A Pakistani court on Tuesday restored the bail of former prime minister Imran Khan in seven cases against him in connection with the May 9 violence on military installations.
However, the order of the Lahore High Court (LHC) may not bring any relief to the 71-year-old founder of Pakistan Tehreek-e-Insaaf (PTI) ahead of the February 8 general polls in the country.
Pakistan’s Supreme Court on January 13 stripped the PTI of its iconic cricket ‘bat’ election symbol, a move after which those contesting in elections from the party will have to fight as independent candidates. The election commission of Pakistan has already rejected the nomination papers of Khan and several of his party colleagues.
LHC’s two-judge bench comprising Justice Aalia Neelum and Justice Farooq Haider heard Khan’s petition challenging a decision of Lahore’s Anti-Terrorism Court (ATC) regarding the dismissal of his pre-arrest bail petitions in the May 9 cases after his arrest and conviction in Toshakhana (national treasury gifts) case.
During the hearing on Tuesday, Khan’s counsel Barrister Salman Safdar told the court that the trial court dismissed the bail petitions of his client “in violation of the law.”
He argued that the petitioner could not appear before the trial court to pursue his bail hearings because he was in jail.
“Imran Khan was in jail when the trial court dismissed the bail petitions for non-prosecution. The trial court should have summoned him from jail before deciding his bail petitions,” he contented.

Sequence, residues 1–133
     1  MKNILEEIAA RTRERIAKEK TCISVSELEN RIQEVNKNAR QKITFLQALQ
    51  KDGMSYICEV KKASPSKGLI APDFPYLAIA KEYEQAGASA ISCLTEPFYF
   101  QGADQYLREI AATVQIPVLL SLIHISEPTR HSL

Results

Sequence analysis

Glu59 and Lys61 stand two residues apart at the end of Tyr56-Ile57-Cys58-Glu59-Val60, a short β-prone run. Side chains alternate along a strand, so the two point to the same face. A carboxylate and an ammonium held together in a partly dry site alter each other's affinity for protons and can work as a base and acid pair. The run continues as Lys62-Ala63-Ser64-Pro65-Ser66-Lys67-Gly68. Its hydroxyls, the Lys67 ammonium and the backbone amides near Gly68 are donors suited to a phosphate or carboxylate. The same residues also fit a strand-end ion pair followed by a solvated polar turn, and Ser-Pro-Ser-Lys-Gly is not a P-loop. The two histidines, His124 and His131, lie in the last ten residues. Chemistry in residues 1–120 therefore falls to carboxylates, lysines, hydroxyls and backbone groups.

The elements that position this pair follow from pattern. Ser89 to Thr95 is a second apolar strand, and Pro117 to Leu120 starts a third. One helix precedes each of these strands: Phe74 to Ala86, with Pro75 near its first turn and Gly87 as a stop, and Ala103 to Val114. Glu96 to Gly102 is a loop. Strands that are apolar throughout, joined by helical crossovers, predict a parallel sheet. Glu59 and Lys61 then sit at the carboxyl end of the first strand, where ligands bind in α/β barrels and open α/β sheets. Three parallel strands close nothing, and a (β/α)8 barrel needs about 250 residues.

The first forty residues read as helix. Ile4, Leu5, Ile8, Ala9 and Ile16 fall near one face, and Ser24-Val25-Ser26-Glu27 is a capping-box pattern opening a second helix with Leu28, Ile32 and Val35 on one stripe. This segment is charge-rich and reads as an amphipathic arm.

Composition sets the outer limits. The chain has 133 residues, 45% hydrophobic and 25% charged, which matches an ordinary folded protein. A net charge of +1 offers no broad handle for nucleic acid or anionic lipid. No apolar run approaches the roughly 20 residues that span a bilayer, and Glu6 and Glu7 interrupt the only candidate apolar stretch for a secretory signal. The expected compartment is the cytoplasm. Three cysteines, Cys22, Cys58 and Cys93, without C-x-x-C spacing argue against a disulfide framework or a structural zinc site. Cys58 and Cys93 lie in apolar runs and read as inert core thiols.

Safdar requested the court to set aside the trial court’s order and direct it to decide the bail petition on merits.
Law officer Farhad Ali Shah opposed the petition and argued that the trial court rightly dismissed the bail of Imran Khan.
However, the bench announced the verdict restoring the pre-arrest bail petitions of Khan.
The LHC also directed the trial court to mark the attendance of the petitioner on a video link from jail and decide his bail petitions on merits.
The ATC on August 11, 2023, had dismissed the pre-arrest bail of Khan in seven cases in connection to the May 9 riots for his non-appearance. These cases included attacks on the Lahore Corps Commander’s House.
On May 9 last year, PTI workers vandalised a dozen military installations, including the Jinnah House (Lahore Corps Commander House), Mianwali Airbase, and the ISI building in Faisalabad. The Army headquarters (GHQ) in Rawalpindi was also attacked by the mob for the first time.
However, Khan has maintained that his party was being targeted over May 9 violence and that the violent protests targeting the Corps Commander House and the GHQ of the Pakistan Army were a part of the ‘London agreement,’ in which, he alleges, Pakistan Muslim League-Nawaz (PML-N) chief Nawaz Sharif is being favoured by the powerful Pakistan Army.